Fixing Numara Footprint’s addressbook search with a Greasemonkey Userscript

UVM uses Numara Footprints to track client support tickets. When creating tickets from client submitted email, the application automatically fills out the contact information for the client, using their email to search against LDAP.

This search fails if the address from the incoming ticket is in the format (as opposed to This results in a significant number of tickets coming into the system with only an email address in the contact field.

It seems the only way to fix this is by copying the uid, clearing out the rest of the fields, and searching by uid again. This needs to be done for every affected ticket.

Firebugs, Greasemonkies, and Mr. DOM

Lately I’ve found myself spending too much time copying and pasting fields in footprints. So the other day I took a quick spin through the ticket editing interface with my trusty Firebug. Minutes later I was able to replicate the functionality needed to fix the problem, using Javascript and the supplied DOM elements.

The next logical step was to encapsulate this into something that can be used outside of the development interface, and triggered automatically.

Enter the Greasemonkey. Greasemonkey is an extension for Mozilla Firefox that allows you to run custom scripts on pages that you are visiting. Think of Greasemonkey as a little mechanic that lives in your browser. It has a bunch of tools that it uses to alter or fix pages that you visit. These tools are known as Userscripts.

Turns out it’s pretty easy to write these Userscripts. Based on my spelunking in the DOM cave with Firebug, I slapped together a Userscript to fix my address book problem upon opening the ticket. Now when I load up the ticket editing interface, the contact information is automatically filled out — even if the ticket was created with an inconveniently formatted email address.

Lazyweb to the rescue

I was in a hurry, and didn’t feel like digging through my old code or writing new stuff to handle some of the grunt work that this tool needed. I borrowed a handy email address parser from Ben Nadel at Kinky Solutions, and a url parameter grabbing function from Netlobo.

Installation and use

  1. You’ll first need the Greasemonkey extension for Firefox. If you need this (or Userscripts in general) in Safari, I’d recommend taking a look at SIMBL and Greasekit.
  2. Install the Userscript.


  1. Gravatar Icon
    Posted October 8, 2010 at 9:57 am | #

    Hey, I use numara footprints too and am trying to write some scripts to make it suck less. Thanks a ton for posting this.

    I’m writing a greasemonkey script to color code tickets by status. If you want, I’ll send it along when I’m done.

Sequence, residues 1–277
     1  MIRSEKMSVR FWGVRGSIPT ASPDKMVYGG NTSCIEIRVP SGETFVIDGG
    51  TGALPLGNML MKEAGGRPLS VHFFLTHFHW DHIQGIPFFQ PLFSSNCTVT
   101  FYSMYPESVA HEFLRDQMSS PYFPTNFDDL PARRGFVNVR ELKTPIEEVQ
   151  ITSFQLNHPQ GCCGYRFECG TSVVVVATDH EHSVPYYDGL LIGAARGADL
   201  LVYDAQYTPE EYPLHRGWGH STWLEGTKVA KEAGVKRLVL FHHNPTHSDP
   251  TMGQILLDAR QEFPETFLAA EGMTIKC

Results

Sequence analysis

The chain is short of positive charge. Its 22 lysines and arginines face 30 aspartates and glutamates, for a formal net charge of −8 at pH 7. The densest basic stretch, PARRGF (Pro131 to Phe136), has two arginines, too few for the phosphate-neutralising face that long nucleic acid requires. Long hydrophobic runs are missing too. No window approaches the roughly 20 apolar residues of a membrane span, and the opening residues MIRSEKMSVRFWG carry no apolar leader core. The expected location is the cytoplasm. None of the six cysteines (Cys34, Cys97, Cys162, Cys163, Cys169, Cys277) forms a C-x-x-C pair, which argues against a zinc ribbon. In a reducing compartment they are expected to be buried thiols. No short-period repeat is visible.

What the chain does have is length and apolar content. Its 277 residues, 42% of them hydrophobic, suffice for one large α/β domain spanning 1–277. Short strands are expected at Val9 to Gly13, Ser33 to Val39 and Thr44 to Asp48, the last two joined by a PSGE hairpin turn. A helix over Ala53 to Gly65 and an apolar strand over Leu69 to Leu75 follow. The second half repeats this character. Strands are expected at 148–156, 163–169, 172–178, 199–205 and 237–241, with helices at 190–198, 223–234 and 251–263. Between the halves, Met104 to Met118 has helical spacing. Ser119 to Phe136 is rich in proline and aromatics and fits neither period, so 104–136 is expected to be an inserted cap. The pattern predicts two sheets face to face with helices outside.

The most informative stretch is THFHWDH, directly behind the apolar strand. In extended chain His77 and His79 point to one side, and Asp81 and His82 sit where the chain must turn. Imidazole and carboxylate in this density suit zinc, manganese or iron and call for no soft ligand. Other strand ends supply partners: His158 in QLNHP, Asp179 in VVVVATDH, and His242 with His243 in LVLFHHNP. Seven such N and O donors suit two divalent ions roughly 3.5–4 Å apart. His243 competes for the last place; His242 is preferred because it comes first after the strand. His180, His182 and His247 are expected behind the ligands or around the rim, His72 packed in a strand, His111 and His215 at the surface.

2. Gravatar Icon
    Posted October 8, 2010 at 11:10 am | #

    @Lauren – That sounds like a great addition – I’d love to see it. Tempting to rewrite the entire UI in Greasemonkey, isn’t it? :)

  3. Gravatar Icon
    Posted January 25, 2011 at 9:51 am | #

    I’d be interested in *anything* out there to make FootPrints v10 better. v9 wasn’t great, but I can’t believe the step/giant leap backward the UI took with the upgrade. I’ve munged a little with Stylish, but really some scripting is needed – and I’m no scripter!

  4. Gravatar Icon
    Posted August 29, 2017 at 4:38 pm | #

    Hi,I log on to your blogs named “Fixing Numara Footprint’s addressbook search with a Greasemonkey Userscript » Justin Henry’s green galoshes” like every week.Your writing style is witty, keep it up! And you can look our website about proxy server list.

  5. Gravatar Icon
    Posted August 29, 2017 at 8:35 pm | #

    Hello,I read your blogs named “Fixing Numara Footprint’s addressbook search with a Greasemonkey Userscript » Justin Henry’s green galoshes” on a regular basis.Your writing style is witty, keep doing what you’re doing! And you can look our website about love spell.

One Trackback/Pingback

  1. [...]… asks Hoosgot, [...]

Post a Comment

Your email is never published nor shared. Required fields are marked *

You can follow any discussion on this article with the RSS feed for this post.

About this article

Green Galoshes is a weblog written by Justin D. Henry. This entry was published on or around October 22, 2008.

Categories & Tags

This article is filed under code, projects, tools, uvm. It is further described as , , , , , , , , .